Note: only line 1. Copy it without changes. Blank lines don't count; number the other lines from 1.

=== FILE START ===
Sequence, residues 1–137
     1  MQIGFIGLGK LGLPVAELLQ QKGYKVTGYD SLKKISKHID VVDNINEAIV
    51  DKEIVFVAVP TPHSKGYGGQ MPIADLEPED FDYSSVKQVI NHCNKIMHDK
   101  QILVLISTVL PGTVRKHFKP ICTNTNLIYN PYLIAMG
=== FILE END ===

Sequence, residues 1–137